In addition, students read I'm Not Scared and Mico on the iPads or iTouches.

Students completed 3 iPad activities for the unit. After the 2nd day of reading they each created a Popplet about things they were afraid of and how they thought they could overcome that particular fear. This was a lead-in to the books on day 3 when the characters really explained how they overcame their fears (day 2 books either were not very explicit or overcoming the fear wasn't part of the story).
After day 3 groups of 3 students created a PSA (public service announcement) about how to overcome a specific fear. They used PuppetPals HD to complete this task, the first time they've used the app.  They had a lot of fun with the puppets, choosing their characters and making them move around the screen. At the same time, they all spoke very clearly and produced a product that gave advice.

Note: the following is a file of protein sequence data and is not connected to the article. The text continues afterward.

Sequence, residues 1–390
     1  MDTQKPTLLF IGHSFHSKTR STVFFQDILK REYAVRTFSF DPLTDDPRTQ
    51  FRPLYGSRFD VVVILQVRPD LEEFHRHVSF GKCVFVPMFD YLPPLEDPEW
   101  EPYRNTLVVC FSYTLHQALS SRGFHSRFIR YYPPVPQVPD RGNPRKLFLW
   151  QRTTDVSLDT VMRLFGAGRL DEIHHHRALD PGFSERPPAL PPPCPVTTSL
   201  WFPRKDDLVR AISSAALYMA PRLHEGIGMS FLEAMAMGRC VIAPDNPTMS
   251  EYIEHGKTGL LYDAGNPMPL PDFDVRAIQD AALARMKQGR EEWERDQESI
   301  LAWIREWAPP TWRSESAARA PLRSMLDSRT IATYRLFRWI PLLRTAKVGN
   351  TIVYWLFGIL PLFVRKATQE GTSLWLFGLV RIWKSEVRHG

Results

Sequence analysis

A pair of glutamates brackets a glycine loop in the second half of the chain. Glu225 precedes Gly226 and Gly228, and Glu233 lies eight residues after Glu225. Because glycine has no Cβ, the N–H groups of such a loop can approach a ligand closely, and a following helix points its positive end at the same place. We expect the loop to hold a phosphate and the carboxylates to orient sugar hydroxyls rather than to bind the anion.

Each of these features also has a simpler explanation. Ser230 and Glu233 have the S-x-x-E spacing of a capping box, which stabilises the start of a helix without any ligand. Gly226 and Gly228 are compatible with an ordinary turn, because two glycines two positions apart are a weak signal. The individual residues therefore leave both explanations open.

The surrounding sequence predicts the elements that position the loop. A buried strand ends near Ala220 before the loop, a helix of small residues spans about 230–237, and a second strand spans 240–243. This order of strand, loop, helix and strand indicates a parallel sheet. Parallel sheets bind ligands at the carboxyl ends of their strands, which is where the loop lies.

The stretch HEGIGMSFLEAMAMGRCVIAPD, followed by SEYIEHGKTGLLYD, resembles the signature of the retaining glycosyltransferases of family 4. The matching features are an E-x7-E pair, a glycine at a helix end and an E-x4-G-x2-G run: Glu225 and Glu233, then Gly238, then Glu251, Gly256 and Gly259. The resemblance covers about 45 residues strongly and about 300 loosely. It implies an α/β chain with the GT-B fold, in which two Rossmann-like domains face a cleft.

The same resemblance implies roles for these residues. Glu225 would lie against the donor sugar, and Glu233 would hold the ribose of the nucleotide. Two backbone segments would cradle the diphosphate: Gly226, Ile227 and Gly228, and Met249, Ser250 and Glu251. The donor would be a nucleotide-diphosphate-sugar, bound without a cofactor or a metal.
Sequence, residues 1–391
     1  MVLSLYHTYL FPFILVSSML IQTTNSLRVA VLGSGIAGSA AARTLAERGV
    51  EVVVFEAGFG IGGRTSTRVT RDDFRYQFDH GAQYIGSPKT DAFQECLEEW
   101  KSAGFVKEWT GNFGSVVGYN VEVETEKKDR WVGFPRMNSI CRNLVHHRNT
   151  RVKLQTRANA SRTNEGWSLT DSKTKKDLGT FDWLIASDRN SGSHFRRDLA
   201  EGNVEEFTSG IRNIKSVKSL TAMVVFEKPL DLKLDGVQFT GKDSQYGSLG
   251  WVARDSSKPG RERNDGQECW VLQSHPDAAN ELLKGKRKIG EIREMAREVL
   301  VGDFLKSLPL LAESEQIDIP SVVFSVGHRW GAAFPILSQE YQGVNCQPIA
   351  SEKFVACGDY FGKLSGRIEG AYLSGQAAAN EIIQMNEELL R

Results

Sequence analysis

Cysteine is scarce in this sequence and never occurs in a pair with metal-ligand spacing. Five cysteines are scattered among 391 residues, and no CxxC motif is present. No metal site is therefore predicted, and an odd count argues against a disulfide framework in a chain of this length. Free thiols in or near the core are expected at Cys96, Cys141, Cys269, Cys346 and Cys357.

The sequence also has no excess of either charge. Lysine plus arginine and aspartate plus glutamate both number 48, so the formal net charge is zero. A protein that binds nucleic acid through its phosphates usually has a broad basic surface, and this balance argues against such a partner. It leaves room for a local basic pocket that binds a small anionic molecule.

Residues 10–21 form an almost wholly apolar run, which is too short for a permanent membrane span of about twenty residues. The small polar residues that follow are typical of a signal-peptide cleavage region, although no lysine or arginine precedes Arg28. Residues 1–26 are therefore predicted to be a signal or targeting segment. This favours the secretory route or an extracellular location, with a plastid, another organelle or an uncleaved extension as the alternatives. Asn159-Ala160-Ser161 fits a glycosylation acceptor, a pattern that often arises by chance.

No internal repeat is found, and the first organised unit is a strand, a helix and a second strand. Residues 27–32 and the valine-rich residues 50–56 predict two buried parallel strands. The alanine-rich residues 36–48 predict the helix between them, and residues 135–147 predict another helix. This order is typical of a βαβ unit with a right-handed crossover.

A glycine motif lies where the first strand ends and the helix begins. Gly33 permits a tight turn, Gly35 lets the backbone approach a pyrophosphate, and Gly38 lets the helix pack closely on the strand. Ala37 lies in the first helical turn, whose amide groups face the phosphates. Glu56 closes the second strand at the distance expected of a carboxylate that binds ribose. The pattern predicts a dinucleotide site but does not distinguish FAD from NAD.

Finally students wrote an iDiary entry sharing the answer to 3 questions--what was your favorite part of the unit and why, what was your least favorite part of the unit and why, and what did you learn from the unit.

1st grade--An Egg is an Egg response

1st grade students read An Egg is an Egg by Nicki Weiss. Each student used the My Story app to create 2 pages of their own following the format "A _____ is a ____ until _____." Students typed the sentence and illustrated.

Unfortunately the My Story app did not correctly download/save the stories because when I go to any of the links I get a message that the epub is not available, so I can't share samples. However, they were really cute.

Some examples were "An ice cube is an ice cube until it melts" and "Denim is denim until it gets turned into jeans." Some of their examples tied in with our solids and liquids science unit as well as discussions we've had about animals.

1st grade--how to writing transferred to Educreations

My 1st grade students have done several pieces of "how to" writing since the beginning of the year including "how to... (different classroom rules)", "how to...(buddy activity with 5th grade about using playground equipment), and "how to carve a pumpkin".